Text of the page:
New York City’s 7 Best Wine Bars

This post is guest written by Shana Sokol, from the incomparable Shana Speaks Wine

Whether you met swiping an app, perusing online profiles, or in some good old-fashioned meet-cute way, you’re going to need a great place to impress your date.  Wine bars tend to be the natural choice; usually lively but not so chaotic that you can’t hear your (potential) object of desire, they offer the flexibility of just a glass or a way to settle in for awhile if things are clicking.  NYC is chock-full of options but not every place is done well; slapping 5 generic wines on a list alongside some snacks doth not a wine bar make.


A great wine joint offers ambience, an exciting selection of wines, solid bites and that certain je nais se quoi that makes it stand out from NYC’s oversaturated bar scene. Here’s a roundup of the 7 best wine bars in NYC to help you weed out the stellar from the so-so.  Why 7?  Well, you want to get lucky, don’t you?

Black Crescent – Lower East Side

Amongst the scrum of the LES frat boy nightlife lies this oasis of quality sips.  The wine list is small but well curated and the sommelier is often bringing in new and unusual wines.  Ever have wine from the Canary Islands? You’ll find a few options here.  The cocktails are a standout if you want to veer away from the vino and the seafood-focused menu is shockingly good.   Weekends are a bit of a party but come during the week for a mellower vibe.

Corkbuzz – Union Square and Chelsea Market

The brainchild of Laura Maniec, who is the youngest woman ever to receive the Master Sommelier certification, Corkbuzz is more than just a wine bar; this hybrid bar/restaurant/classroom/event space brings wine to a whole new level. With over 20 often-rotating wines by the glass and a staff that can drop 30 second nuggets of wine knowledge on a whim, this is a place to play with wine.  Better yet, plan ahead and book seats at one of their classes, where you and your date can boost your wine knowledge in a fun and non-intimidating way.

Racines – Tribeca

The US offshoot of a Parisian wine establishment, Racines refers to itself as a “neo-bistro” and prides itself on the deep selection of French wines, many of which are organic and biodynamic.  Food veers towards a traditional restaurant format of appetizers-entrees-dessert rather than the small plates that constitute most wine bar menus, making it the perfect drinks-to-dinner date spot.

Ardesia – Hell’s Kitchen

Chalkboard walls, soaring ceilings and a glass wall of wine make for a sleek wine-drinking venue.  A large list with 30 rotating by-the-glass options spans the globe and ensures there’s something new and funky to try. The well-versed staff is always happy to chat about the pours and the bites are as elegant as the space (but don’t overlook their NY-style soft pretzels, which are some of the best in the city).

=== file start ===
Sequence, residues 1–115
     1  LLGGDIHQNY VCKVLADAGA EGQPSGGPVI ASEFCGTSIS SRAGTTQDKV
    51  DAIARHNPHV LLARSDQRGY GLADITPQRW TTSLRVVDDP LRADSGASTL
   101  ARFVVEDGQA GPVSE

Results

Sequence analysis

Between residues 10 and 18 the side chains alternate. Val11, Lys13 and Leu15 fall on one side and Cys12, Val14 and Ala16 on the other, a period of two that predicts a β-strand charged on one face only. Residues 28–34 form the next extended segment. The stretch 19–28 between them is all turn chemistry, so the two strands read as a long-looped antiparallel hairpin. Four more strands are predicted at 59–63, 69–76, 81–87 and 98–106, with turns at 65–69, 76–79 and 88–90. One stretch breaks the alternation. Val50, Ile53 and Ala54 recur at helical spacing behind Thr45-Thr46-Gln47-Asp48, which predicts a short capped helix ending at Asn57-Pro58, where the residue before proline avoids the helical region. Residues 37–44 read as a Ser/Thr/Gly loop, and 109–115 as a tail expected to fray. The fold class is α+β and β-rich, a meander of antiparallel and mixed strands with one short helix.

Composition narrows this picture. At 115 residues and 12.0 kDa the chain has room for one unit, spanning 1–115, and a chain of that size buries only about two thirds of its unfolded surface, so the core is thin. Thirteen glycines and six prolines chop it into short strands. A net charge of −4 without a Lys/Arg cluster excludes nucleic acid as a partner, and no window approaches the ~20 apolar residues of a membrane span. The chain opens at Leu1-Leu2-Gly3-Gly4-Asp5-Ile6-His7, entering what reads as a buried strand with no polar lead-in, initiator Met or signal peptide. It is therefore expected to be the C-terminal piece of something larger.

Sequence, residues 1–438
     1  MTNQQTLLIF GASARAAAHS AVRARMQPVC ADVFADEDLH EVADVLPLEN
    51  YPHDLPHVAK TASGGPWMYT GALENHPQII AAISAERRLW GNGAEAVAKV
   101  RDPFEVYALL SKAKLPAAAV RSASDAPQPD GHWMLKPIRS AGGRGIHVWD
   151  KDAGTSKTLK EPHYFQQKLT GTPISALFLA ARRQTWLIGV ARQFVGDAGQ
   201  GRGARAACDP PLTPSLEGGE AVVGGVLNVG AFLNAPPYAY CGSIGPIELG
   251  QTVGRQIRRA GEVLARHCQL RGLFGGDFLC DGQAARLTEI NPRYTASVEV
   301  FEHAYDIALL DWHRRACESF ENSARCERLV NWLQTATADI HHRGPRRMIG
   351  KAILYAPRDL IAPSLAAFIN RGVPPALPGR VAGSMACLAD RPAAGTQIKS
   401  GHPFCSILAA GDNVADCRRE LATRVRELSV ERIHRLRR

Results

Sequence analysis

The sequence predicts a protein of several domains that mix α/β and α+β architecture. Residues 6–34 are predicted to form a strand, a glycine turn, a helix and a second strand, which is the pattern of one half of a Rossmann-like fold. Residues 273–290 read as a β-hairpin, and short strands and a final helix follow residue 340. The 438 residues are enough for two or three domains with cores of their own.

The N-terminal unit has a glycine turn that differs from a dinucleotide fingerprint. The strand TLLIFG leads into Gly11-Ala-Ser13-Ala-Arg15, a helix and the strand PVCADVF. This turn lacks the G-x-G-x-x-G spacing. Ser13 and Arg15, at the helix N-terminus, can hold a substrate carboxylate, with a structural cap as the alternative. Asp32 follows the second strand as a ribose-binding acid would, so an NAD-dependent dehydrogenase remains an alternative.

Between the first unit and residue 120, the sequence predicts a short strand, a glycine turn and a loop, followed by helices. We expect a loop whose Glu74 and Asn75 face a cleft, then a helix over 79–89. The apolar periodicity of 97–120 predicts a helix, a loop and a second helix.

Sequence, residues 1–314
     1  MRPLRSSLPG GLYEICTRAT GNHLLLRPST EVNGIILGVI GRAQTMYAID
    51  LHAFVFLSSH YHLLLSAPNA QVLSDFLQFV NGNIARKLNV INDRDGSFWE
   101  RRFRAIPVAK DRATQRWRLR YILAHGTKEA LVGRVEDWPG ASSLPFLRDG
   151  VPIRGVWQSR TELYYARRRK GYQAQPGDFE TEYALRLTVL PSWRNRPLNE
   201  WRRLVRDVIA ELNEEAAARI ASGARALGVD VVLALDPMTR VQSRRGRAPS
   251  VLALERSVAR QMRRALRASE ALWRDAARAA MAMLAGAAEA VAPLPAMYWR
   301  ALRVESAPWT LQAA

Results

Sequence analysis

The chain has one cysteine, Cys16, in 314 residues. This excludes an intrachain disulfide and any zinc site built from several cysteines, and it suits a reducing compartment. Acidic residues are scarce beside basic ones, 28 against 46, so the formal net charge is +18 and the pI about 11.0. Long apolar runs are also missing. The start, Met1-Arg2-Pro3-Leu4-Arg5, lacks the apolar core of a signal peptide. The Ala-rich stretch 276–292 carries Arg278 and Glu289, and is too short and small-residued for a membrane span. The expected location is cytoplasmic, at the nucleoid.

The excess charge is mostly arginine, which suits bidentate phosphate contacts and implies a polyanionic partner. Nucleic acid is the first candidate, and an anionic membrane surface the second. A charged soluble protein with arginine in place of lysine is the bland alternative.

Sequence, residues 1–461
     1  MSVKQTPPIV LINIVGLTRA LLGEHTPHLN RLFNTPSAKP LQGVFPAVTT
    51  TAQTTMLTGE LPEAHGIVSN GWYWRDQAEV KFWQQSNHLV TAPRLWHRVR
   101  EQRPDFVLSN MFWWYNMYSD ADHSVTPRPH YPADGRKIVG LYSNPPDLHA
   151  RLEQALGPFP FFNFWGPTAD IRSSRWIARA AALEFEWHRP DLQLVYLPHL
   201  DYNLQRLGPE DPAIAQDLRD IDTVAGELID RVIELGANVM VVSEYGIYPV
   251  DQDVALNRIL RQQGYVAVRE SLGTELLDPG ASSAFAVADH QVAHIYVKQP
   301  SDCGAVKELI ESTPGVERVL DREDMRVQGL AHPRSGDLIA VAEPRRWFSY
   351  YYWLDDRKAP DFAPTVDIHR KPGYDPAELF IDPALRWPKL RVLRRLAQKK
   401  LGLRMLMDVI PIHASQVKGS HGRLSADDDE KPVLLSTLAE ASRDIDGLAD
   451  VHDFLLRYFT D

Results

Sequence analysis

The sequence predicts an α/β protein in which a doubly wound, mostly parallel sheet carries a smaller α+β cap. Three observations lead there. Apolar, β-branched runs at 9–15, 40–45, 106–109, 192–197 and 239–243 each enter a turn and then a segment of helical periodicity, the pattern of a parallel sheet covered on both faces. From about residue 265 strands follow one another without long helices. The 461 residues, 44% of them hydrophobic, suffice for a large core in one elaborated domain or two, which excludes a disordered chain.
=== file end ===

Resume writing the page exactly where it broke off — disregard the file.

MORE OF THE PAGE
Aldo Sohm Wine Bar – Midtown West

Cusping on the Midtown/Theater District line, this new spot from Le Bernardin’s sommelier is one of your best bets in an area filled with expense-account restos and gaudy tourist-ridden chains (because no one likes their wine with a side of neon). Way less intimidating than its pedigree would belie, sip through the carefully selected yet accessible offerings as you marvel at the featherweight wine glasses.  There’s a wide range of price points and a casual vibe that make this place feel like the fun uncle to Le Bernardin’s patriarch.

Vin Sur Vingt – NoMad and West Village

The NoMad area has been experiencing a bit of a renaissance and this French-centric wine bar is another strong addition to the constellation of bars, restaurants and hotels that have illuminated the area.  While the West Village original is, as real estate brokers put it, cozy, the new offshoot offers more space to get comfortable.  Whether it’s a seat at the bar or one of the banquette-flanked tables in the back, the extensive list lets you explore the renowned wine country, region by region.

Terroir – Multiple locations

Not feeling flowers and romance yet? Look no further than Terroir, serving up wine with a side of punk attitude.  Back in  2008, Paul Grieco started Summer of Riesling, where the only whites served for the entire summer were, yup, Riesling.  His doctrine was that there’s a Riesling style for everyone and damned if you couldn’t find one you liked.  Flash forward 6 years later and 31 Days of Riesling, an offshoot of S.O.R., is now a global campaign with many wine bars featuring Riesling prominently on their menus throughout July.  The wines are eclectic, the food menu is a pioneer in quality nibbles and the overall vibe is fun and energetic. The O.G. East Village location can get cramped but Tribeca and Murray Hill have a bit more breathing room. Also not to be missed is the seasonal bar atop the Highline.

Shana Sokol is a wine blogger, freelance writer and event planner living in New York City.  Learn more at  Follow her musings on Twitter and Instagram (@ShanaSpeaksWine) or on Facebook at

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